How often as Christians do we take the “Lone Ranger” approach to loving our neighbor?  We should remember that even the “Lone Ranger” was never alone; he always had Tonto at his side.
 
Innovate Continuously

Comment: You may say what was so innovative about the Samaritan tending to an injured person?   Apple founder Steve Jobs, and noted innovator, said that innovation most often is not about doing something new. He said that innovation most of the time is about doing something that others were unwilling to do.

The Samaritan was innovative because he did something for “his neighbor” that the Priest and the religious Levite were unwilling to do. 

Question: How willing are we to innovate for our neighbor?

Lead By Example

Once the parable was completed, Jesus then asked the Lawyer, “What do you think? Which of the three became a neighbor to the man attacked by robbers?”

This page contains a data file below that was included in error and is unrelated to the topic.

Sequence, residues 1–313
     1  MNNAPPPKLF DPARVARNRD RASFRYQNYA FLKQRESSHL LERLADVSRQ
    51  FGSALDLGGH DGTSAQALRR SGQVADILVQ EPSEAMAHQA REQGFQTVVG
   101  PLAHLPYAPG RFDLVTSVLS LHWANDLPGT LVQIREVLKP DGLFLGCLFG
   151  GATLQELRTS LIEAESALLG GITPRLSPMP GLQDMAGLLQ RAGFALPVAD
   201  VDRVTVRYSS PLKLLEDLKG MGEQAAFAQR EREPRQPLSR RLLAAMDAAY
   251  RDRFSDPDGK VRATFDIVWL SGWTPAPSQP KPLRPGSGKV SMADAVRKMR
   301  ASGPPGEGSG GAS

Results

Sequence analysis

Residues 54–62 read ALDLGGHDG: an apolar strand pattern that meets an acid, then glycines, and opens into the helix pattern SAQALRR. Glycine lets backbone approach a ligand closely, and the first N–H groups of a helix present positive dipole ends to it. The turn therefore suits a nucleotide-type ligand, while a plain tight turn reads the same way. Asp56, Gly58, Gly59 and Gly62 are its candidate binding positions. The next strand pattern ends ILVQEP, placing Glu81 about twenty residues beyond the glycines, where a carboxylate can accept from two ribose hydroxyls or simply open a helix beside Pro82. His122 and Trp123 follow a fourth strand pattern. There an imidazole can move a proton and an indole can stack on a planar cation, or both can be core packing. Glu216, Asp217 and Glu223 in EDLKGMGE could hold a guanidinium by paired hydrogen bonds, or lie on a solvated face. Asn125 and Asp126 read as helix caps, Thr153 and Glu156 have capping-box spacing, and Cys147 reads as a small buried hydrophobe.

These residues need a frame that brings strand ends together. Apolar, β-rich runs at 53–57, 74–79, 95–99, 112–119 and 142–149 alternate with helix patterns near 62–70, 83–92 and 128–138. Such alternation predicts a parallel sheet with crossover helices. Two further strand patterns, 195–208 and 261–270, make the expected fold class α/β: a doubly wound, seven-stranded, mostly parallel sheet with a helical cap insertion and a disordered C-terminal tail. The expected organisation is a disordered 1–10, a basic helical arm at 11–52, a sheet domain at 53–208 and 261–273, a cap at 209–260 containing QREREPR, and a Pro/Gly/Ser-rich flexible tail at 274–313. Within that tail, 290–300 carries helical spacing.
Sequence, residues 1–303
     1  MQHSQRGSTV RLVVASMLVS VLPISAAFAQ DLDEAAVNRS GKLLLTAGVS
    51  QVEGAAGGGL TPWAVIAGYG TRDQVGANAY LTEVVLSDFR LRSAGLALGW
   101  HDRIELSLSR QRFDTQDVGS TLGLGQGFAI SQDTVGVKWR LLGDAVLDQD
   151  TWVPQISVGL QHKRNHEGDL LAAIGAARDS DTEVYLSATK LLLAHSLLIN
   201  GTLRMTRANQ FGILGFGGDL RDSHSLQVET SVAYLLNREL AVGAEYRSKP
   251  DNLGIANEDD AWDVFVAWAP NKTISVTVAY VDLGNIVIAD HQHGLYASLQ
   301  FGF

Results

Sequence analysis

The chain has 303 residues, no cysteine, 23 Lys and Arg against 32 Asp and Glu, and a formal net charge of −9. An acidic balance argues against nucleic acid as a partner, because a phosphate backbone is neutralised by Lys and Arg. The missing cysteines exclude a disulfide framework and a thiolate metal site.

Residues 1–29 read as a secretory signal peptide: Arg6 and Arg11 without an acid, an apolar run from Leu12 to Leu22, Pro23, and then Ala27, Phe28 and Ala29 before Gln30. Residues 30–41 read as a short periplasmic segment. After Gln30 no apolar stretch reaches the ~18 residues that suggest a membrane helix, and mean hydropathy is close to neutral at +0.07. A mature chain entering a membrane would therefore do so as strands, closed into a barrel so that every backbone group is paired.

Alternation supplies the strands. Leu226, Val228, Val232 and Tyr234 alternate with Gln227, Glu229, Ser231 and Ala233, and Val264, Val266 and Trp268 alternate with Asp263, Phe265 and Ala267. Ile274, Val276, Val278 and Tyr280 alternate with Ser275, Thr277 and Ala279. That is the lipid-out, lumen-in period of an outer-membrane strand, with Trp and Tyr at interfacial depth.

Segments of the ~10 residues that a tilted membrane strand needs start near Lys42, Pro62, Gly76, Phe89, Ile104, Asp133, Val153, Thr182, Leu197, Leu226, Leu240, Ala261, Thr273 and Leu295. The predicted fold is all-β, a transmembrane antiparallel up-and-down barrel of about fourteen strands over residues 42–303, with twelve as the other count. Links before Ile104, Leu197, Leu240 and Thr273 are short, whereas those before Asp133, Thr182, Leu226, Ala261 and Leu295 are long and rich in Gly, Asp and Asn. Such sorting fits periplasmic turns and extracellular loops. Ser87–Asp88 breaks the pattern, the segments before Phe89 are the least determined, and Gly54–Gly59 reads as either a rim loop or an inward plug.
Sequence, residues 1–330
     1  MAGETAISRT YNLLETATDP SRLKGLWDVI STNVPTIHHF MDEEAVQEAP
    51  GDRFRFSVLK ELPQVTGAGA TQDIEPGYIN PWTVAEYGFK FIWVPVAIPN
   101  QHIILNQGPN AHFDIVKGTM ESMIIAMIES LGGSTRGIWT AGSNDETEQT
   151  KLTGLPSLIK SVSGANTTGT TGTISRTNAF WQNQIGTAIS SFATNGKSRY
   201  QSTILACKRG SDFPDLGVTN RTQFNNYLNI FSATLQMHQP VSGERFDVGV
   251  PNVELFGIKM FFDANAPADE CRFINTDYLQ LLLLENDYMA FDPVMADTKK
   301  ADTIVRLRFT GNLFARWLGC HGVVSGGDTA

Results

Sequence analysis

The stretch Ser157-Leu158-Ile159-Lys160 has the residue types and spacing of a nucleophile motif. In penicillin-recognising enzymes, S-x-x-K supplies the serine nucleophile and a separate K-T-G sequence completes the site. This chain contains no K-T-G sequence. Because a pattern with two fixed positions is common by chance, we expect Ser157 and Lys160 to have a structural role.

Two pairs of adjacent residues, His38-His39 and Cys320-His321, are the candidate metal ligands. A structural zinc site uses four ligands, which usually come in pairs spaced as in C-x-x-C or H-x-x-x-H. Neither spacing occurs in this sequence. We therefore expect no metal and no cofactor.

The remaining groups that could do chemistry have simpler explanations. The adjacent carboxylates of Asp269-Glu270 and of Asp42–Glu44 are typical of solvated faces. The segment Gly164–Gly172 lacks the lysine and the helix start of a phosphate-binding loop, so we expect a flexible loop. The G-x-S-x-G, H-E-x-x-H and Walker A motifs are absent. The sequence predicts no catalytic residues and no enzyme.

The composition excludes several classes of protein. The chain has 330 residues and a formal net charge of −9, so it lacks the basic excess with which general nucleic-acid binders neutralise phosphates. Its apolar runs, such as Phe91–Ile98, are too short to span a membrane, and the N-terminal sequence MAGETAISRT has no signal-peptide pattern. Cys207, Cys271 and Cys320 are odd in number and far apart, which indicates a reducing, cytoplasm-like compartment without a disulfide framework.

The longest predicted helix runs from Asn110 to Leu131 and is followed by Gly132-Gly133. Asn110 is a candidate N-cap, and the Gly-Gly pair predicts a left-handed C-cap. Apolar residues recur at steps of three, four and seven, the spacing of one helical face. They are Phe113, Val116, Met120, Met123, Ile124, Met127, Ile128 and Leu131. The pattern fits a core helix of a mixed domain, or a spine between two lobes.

The lawyer responded, “The one who treated him kindly.”

Comment:  The Samaritan has set the example. 

Give Back

Then Jesus said, “Go and do the same.”

Comment:  The Samaritan has set the example; now Jesus wants us to go and set examples for others.  

Final Thoughts

Yes, Arthur Blank is a good neighbor; some may argue that it is easy to be a good neighbor when you are a billionaire!  

However, let me remind you that Jesus said, “It is easier for a camel to go through the eye of a needle than for someone who is rich to enter the kingdom of God.”  

While I am not handicapping Mr. Blank’s afterlife, I am saying that all of us must be good neighbors, regardless of our resources.   

For when we live our lives keeping the commandment to “love our neighbors as we love ourselves,” we and our neighbors will all be the richer for it. 
 
Marben Bland is the pastor of Hall Chapel and Mitchell Chapel AME Churches in Sparta, Georgia.

A Hero’s Welcome

My sisters and brothers: